My family and I have recently been on a 9-day road trip to New Zealand’s South Island. It was amazing, really. I wish many people got the opportunity to visit this remote and breathtaking part of the world. That’s why I am sharing this South Island – New Zealand Guide with you today!
We had already visited the North Island (check out my post here), so this time we decided to stick to the South Island, also considering the fact that we only had 9 nights for our trip. That said, New Zealand is only a 3-hour flight from Sydney, so we can always go back. However, if you are coming from far away, I do suggest you combine the 2 islands into 1 single trip.
19/04/2019 Sydney – Christchurch – Oamaru
20/04/2019 Oamaru – Moeraki – Catlins – Gore
21/04/2019 Gore – Manapouri – Doubtful Sound – Te Anau
22/04/2019 Te Anau – Milford Sound – Te Anau
23/04/2019 Te Anau – Queenstown
24/04/2019 Queenstown – Glenorchy – Arrowtown – Queenstown
25/04/2019 Queenstown – Wanaka – Queenstown
26/04/2019 Queenstown – Mount Cook – Lake Tekapo
27/04/2019 Lake Tekapo
28/04/2019 Lake Tekapo – Christchurch
28/04/2019 Christchurch – Sydney
Before going into more details about our journey, let me give you some practical information that will help you plan your own trip.
There are many sites where you can easily book your hotels in New Zealand, like Booking.com or HotelsCombined. Sometimes I also book directly with the hotels via email, so I have used both methods for this trip as well.
To decide on the hotels to book, I often read reviews on Tripadvisor and besides reading what other travellers have to say, I look at the pictures they took, as those don’t lie and I can get a better idea about the place. Always ensure that your booking can be cancelled any time before your stay, just in case…
All the hotels we stayed in had free wi-fi. So, keep that in mind when you decide whether or not you need Internet 24/7. We were going to rent a car and we wanted to use our mobile as a navigator, so we decided to get a SIM for my mobile.
We got our SIM here in Australia before leaving and then activated it when we arrived in New Zealand. However, you can also get one when you get there. The main telcos in New Zealand are Vodafone, Spark, and 2degrees. In terms of coverage, Vodafone and Spark are your best options. Spark is a little more expensive, but has a slightly bigger footprint than Vodafone, especially in more remote areas.
For our road-trip, we rented a car (a normal sedan) with Ezi and picked it up (and returned it) at Christchurch airport. We had no issues with them and were quite satisfied both with the car and with the service.
However, you can find all the major (and a few local) companies in Christchurch, both at the airport and downtown.
Doubtful Sound and Milford Sound – we went with Real Journeys and both experiences were flawless.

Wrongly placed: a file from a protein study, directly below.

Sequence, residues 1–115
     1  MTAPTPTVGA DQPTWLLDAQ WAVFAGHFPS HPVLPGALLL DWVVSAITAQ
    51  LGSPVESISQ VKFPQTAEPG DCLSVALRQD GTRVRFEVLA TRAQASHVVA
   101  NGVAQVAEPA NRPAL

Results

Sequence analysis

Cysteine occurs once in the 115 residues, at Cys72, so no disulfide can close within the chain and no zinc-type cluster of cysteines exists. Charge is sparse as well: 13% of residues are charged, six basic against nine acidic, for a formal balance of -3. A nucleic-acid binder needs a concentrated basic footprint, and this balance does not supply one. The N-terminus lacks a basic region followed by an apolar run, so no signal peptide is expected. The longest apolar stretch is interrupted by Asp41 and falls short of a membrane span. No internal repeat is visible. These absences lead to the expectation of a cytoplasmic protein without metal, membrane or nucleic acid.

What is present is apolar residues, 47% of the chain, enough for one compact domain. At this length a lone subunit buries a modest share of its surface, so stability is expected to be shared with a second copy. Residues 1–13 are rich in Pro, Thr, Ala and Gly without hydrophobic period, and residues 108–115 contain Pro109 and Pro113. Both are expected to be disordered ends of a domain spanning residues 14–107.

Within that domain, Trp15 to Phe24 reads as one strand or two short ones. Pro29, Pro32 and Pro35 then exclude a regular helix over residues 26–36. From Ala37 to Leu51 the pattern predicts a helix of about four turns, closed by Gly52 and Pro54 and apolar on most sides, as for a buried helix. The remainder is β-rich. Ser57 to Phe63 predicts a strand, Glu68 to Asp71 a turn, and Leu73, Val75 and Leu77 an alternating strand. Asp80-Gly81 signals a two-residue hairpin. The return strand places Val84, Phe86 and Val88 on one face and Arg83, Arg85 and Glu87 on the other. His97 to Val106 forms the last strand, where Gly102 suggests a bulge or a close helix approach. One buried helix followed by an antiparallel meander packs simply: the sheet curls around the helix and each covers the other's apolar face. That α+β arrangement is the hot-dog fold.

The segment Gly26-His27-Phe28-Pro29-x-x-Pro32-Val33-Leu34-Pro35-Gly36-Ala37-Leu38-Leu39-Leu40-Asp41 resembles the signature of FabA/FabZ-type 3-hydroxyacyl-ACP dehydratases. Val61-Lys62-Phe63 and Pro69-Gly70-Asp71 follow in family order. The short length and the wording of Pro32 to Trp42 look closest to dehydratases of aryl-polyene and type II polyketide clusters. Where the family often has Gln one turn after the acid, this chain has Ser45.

Tasman Glacier – we went with Glacier Explorers and we absolutely LOVED it.
Stargazing in Lake Tekapo – we went with Silver River Stargazing. We chose them because they had smaller groups and we thought they would be more suitable for kids. We were not disappointed.
We chose to fly Emirates between Sydney and Christchurch because their timetable suited us best and they were both direct flights. We had a very good experience. The planes were big and clean. The entertainment system was top class with games and movies from all over the world and in many different languages.
However, you can also reach Christchurch on Qantas, Air New Zealand, Virgin Australia, Jetstar, Singapore Airlines, Fiji Airways, LATAM, and China Southern.
WHEN TO VISIT
The seasons in New Zealand are directly opposite to those in the Northern Hemisphere and are the same as those in Australia. New Zealand’s climate can best be described as being extremely variable, and anything except tropical.
Summer – December to February
Travelling in summer has the advantage of the best overall weather. However, the biggest disadvantage is that it is also the busiest time of year for both local holidaymakers and international tourists. As a result prices tend to be significantly higher, and accommodation in some areas can often be difficult to find.
Autumn – March to May
Autumn in New Zealand is a time of spectacular changes in colours, with vivid browns, reds and golden leaves. This is especially the case in Wanaka and the Otago region of New Zealand in the South Island. This is always one of the best times to travel to New Zealand and this is when we went!
Winter – June to August
It can be cold and rainy. I would only go in winter if you want to ski!
Spring – September to November
Spring is a great time of the year to visit New Zealand. The Southern Alps and mountains are still majestic with their snow covering. Spring is also the time when the new flowers and leaves start appearing. There is no better time than spring to take in the gardens and parks of Christchurch. Also, you could make a visit to Otago and Dunedin, with its many historic gardens, or Alexandra with its blossoms and annual spring festival.
HOW TO PLAN YOUR ITINERARY
A trip to New Zealand is very easy to organise on your own because there is a ton of information available on the web. Here are the sites that I highly recommend you read when planning:
TripAdvisor – to find hotel and restaurant ratings. There are also great forums with friendly people who give very good advice.
Lonely Planet Thorntree – a good forum.
Find images of places/cities/attractions to see what they really look like and if you’d like to see them.
Google Maps – useful for planning, but above all while there. We used the navigator part quite a bit to get from one place to the other.
I am going to write a specific post/guide on each place with more details, however, what follows is a summary of our journey.
We landed in Christchurch and after picking up our rental car, we drove straight to the town of Oamaru, where we spent our first night in New Zealand.